Where “Made in China” Doesn’t Mean Cheap

By Qin Sun Stubis

One day in early March, I picked up the phone and called my sister Ping in Shanghai. It was the kind of “regular visit” I’ve been enjoying lately, having her so far away and yet hearing her voice as if she were sitting next to me.

As usual, we started out by exchanging the latest news about family and friends, and then our conversation drifted wherever our thoughts carried us. At some point, Ping began talking about winter clearance sales and how she was searching for a down coat.

“There are lots of styles and colors,” she said with pride. “You’d be surprised by how well-stocked stores are these days, and most everything is made in China. Finally, I found a great coat and bargained hard, but they’d only lower the price to 1,500 yuan.” And of course Ping didn’t buy it.

What? I wasn’t sure I heard her right since 1,500 yuan is about the equivalent of $240, half of many people’s monthly paychecks. As a Shanghai native, I knew about the relatively mild winters there and that by March coats should have already gone on clearance. How much would a regularly priced coat cost? I couldn’t even imagine.

According to the New York Times, the average annual income for a Chinese family in 2012 was only 13,000 yuan, or about $2,100, while that of an American family was $52,000. Of course, Shanghai, being an international hub, has a much higher standard of living than the average Chinese city, but its overall wages are still not on par with those of the Western world.

I haven’t visited China for almost five years, long enough to become disconnected from its fast-changing society. I started to question Ping: How much is it for a pair of jeans? How much for a shirt?  Her answers shocked me. I decided to call a close friend of mine in Shanghai with the same questions–not that I didn’t trust Ping, but I needed someone to help me understand the situation.“Qin,” my friend replied, “let’s put it this way. I don’t buy clothes in China.”

I can probably buy a coat for far less here in Washington, I thought to myself. And, I bet that it probably will have been made in China! To test my theory, I told Ping that I’d go to my local store and find her a coat. My prediction was correct: It took me less than an hour at the local mall to snatch up a perfect, coffee-colored Calvin Klein coat for under $100! I took it home like a trophy and examined it. There, sewn inside the collar, was a label triumphantly proclaiming, “Made in China.”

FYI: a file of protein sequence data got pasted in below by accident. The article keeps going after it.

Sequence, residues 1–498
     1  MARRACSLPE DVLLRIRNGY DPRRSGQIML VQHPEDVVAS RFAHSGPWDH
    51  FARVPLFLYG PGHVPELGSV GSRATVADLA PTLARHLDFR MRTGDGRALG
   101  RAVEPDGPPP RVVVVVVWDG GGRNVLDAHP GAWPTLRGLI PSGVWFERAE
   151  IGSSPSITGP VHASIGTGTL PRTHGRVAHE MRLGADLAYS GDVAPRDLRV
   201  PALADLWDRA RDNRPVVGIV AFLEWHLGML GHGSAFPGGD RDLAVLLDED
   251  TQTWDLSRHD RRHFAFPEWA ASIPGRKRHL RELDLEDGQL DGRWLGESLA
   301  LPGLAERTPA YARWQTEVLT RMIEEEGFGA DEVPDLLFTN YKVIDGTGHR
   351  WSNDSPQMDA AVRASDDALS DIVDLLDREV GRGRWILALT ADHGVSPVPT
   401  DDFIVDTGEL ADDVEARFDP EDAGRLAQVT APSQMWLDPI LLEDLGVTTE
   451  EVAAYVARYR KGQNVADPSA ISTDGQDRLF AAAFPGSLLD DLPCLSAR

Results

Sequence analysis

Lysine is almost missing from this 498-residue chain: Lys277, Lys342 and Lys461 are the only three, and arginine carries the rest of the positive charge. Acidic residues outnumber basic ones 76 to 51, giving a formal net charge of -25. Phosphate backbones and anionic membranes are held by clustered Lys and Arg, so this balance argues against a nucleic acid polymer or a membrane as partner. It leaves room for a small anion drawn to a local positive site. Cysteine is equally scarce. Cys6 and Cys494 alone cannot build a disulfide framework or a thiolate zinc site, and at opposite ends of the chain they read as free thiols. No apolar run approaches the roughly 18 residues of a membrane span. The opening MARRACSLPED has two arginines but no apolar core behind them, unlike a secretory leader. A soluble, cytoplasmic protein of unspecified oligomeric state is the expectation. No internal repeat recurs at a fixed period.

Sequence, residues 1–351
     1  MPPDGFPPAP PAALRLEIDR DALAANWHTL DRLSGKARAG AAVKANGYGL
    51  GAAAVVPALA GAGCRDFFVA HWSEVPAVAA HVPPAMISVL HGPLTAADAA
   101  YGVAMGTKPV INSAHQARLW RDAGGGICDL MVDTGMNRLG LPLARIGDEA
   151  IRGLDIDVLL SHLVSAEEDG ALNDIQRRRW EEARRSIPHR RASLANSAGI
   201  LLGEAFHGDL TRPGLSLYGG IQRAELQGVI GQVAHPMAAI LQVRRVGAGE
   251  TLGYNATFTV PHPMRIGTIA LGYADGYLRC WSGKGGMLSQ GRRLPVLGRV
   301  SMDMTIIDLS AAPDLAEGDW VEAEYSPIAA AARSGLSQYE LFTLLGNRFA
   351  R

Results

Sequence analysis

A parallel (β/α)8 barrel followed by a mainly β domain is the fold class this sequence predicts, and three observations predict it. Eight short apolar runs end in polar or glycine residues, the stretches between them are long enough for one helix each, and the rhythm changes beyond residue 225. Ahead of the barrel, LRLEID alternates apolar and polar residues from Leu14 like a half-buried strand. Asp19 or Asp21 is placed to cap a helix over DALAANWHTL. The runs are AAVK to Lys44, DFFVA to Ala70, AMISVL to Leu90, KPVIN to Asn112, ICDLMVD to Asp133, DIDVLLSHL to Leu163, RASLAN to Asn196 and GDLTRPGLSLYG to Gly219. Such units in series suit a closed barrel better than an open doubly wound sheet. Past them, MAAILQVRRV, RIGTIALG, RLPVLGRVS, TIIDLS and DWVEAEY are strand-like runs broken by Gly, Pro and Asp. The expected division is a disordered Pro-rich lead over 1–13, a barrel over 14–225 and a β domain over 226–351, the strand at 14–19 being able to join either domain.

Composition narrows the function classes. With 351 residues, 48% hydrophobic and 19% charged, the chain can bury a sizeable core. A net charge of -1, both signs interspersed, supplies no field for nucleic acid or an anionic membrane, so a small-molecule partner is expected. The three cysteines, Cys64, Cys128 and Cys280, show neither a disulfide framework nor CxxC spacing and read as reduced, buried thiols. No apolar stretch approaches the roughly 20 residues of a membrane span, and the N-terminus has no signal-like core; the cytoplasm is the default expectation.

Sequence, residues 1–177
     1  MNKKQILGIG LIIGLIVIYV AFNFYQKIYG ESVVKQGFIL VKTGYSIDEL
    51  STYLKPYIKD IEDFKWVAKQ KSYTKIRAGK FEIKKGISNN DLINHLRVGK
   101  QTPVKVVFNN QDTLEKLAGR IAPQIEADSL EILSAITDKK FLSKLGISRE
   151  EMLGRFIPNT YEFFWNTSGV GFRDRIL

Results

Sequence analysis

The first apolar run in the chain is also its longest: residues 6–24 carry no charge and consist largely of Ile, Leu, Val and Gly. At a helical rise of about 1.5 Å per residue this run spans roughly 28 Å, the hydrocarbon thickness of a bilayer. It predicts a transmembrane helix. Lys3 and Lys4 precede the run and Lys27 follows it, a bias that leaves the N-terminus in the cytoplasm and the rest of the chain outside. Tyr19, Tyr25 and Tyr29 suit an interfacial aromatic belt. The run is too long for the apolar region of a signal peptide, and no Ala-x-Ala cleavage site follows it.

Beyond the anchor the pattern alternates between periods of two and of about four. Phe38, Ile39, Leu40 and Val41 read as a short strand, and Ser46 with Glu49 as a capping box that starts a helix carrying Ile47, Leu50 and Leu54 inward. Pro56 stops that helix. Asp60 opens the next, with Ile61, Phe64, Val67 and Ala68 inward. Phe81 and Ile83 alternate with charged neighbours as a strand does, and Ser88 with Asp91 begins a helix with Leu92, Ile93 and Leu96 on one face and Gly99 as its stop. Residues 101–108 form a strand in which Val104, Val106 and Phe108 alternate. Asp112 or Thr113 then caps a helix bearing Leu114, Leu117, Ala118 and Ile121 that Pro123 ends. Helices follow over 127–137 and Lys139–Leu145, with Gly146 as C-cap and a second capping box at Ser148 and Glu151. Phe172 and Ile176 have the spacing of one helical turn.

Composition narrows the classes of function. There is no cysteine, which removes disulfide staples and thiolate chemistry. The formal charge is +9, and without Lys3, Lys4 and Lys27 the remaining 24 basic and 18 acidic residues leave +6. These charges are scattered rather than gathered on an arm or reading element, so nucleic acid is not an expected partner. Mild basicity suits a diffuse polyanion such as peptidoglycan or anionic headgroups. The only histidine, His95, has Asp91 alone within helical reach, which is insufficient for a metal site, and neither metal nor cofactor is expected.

For the last few decades, China has been the manufacturing capital of the world. According to the U.S. Census Bureau, in 2013 alone, China exported $440 billion worth of goods to the United States, a big portion of which were textile products. These days, it’s hard for Americans not to own any goods made in China, no matter how patriotic we are and how much we want to support our domestic manufacturers.

With all its factories and cheap, plentiful labor, one might imagine that consumer products are inexpensive inside China. It perturbs me that the Chinese are paying more for their own goods in developing China than we well-off Americans are paying in the United States, even with the considerable costs of shipping.

I also find myself thinking about our recent campaigns to strengthen our country by encouraging Americans to buy more American goods. How about promoting American shopping tours to well-off Chinese consumers, luring them to come here and buy “Made in America” products that are more reasonably priced than the Chinese ones in China? How about exporting goods “Made in America” to China for a change? While economists and trade policy experts wrangle over how to do that, I certainly know what I’ll be packing for my next trip to China.

You can reach me at qstubis@gmail.com.

Qin Stubis is a regular columnist in The Santa Monica Star. She lives in Bethesda, MD.  


This entry was posted in Uncategorized and tagged , , . Bookmark the permalink.

Leave a Reply

Fill in your details below or click an icon to log in:

WordPress.com Logo

You are commenting using your WordPress.com account. Log Out /  Change )

Google+ photo

You are commenting using your Google+ account. Log Out /  Change )

Twitter picture

You are commenting using your Twitter account. Log Out /  Change )

Facebook photo

You are commenting using your Facebook account. Log Out /  Change )


Connecting to %s